On the other hand, the game awards you with new “Special Abilities” the further you go through the game. These can be anything from slowing down time so you can manoeuvre better for a few seconds or even causing an opponent to break down for a bit. These help out quite a bit during a race; slowing down time when you realise you need to make a sharp turn immediately can really save your life. The addition of these abilities are good and fun to use and ease the pressure of the game difficulty. They allow for more thought and strategy to be used in the race and gives you more diversity to the way you handle the tracks.
This brings us to the difficulty of the game, which is very high. With a lot of racing games, not having a super clean run can cost you the race. This aspect is quite frequent in Midnight Club: LA. What makes this even worse is that the opponents will hardly ever crash into anything or overshoot a turn. Your opponent(s) always knows exactly how fast they should be going and the best route to the finish. This causes you to always need to be on your toes. No matter how far back your opponent is, one wrong turn or collision can still cost you first place.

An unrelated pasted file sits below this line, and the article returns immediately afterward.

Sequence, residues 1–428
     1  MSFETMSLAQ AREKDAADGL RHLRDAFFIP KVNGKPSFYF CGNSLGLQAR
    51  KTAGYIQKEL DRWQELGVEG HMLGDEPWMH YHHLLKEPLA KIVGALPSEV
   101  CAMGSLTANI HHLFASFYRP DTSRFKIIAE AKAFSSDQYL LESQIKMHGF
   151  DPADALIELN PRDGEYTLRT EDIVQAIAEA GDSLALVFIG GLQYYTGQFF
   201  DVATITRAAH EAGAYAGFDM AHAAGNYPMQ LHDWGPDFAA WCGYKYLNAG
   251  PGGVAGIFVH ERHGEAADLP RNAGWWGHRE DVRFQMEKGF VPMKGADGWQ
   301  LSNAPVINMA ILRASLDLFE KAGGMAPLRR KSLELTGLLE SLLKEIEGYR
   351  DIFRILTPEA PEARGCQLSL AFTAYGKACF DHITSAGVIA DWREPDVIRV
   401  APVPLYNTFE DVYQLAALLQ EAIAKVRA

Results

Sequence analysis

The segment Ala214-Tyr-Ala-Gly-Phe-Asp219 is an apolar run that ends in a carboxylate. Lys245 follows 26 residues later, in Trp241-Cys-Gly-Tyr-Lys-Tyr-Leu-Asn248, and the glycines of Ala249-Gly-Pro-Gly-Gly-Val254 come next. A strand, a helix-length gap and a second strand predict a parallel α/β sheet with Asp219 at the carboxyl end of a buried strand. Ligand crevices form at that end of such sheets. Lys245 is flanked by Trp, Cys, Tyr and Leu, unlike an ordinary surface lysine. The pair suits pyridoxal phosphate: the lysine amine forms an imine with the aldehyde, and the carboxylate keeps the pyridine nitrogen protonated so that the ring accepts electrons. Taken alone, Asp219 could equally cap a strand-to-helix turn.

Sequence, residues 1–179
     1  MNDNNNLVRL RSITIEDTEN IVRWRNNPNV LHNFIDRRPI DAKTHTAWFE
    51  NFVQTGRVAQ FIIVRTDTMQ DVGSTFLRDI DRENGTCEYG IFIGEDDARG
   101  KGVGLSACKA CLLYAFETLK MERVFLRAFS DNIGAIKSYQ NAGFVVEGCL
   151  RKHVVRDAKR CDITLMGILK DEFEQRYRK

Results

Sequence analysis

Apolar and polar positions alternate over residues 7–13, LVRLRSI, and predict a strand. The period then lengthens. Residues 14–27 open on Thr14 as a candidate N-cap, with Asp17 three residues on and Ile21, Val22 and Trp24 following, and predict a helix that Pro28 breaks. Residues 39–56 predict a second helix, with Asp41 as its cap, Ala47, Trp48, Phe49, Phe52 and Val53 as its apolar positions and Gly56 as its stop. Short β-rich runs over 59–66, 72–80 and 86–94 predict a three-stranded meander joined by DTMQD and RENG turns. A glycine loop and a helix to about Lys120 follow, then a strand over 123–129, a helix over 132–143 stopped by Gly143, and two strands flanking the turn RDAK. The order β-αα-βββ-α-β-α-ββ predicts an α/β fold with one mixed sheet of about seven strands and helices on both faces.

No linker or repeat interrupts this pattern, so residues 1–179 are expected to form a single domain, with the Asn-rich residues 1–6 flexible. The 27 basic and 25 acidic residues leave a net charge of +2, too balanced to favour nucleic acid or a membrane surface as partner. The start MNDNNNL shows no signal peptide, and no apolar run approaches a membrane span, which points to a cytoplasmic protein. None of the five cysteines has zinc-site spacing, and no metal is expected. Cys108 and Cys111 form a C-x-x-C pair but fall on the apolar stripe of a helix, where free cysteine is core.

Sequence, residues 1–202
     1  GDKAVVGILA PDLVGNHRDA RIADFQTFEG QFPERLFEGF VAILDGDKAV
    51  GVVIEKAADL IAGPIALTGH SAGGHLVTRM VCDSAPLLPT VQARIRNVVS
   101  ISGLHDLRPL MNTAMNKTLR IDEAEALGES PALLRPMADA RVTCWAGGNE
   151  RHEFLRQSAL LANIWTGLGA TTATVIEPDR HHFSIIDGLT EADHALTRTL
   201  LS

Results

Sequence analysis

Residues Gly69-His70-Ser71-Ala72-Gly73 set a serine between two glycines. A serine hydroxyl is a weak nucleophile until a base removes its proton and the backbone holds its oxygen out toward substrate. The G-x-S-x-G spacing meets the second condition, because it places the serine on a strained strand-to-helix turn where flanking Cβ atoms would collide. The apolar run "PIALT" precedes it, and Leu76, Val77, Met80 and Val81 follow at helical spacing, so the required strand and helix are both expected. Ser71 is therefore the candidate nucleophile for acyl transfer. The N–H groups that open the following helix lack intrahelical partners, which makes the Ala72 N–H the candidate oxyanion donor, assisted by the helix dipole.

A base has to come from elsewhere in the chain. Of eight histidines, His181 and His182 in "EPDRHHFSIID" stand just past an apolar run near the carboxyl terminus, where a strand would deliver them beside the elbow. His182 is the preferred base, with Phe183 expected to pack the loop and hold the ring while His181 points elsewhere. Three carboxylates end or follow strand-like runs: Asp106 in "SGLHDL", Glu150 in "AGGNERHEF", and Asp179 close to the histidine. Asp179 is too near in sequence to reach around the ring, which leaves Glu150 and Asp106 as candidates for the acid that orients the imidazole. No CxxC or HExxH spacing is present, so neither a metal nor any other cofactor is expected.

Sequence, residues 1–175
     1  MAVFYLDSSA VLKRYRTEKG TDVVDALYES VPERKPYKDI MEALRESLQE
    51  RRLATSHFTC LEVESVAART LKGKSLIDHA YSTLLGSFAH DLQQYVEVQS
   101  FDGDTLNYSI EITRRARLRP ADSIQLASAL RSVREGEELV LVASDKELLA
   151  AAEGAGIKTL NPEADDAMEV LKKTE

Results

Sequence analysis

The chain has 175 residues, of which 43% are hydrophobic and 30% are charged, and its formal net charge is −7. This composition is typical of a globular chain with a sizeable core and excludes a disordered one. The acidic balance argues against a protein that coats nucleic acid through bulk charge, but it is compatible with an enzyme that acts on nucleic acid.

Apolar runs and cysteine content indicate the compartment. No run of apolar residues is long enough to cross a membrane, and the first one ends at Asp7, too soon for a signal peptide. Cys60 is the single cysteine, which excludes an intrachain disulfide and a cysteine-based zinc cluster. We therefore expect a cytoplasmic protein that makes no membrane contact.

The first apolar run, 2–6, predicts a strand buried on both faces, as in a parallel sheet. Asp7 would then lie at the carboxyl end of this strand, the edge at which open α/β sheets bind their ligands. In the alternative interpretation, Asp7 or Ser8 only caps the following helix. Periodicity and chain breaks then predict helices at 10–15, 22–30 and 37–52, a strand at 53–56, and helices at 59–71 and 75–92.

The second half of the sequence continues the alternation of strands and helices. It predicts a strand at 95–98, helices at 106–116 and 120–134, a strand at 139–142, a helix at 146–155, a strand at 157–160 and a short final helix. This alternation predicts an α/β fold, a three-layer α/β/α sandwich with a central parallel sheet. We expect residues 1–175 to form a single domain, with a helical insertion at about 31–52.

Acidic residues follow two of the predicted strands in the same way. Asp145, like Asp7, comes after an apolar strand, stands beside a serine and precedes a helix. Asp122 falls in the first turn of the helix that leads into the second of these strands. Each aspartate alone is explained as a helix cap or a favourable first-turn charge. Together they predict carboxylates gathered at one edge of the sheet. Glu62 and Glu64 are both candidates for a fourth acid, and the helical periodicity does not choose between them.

To add to the difficulty, they set you up with four different levels of challenge to play. Green is easiest, yellow is medium, orange is hard, and red is hardest. For the majority of the time I spent with the game, I was playing either green or a few yellow runs. Green became quite easy for me once I upgraded my car as much as I could, but I was still only winning by a few short seconds. Yellow was the level I had to play at to have a challenge and yet still have some chance of winning. Normally you’d be able to keep replaying the races so that way you can memorize some of the hard sections and practise it – not in this game. Each time you do the race again, after losing, it changes the track. You’re still doing the same race, but now you’re driving through a different set up. This makes any chance of trying to practise at the areas you screwed up at impossible and greatly increases the game’s difficulty. Not being able to memorize key turns and the layout of the race tracks can really annoy you.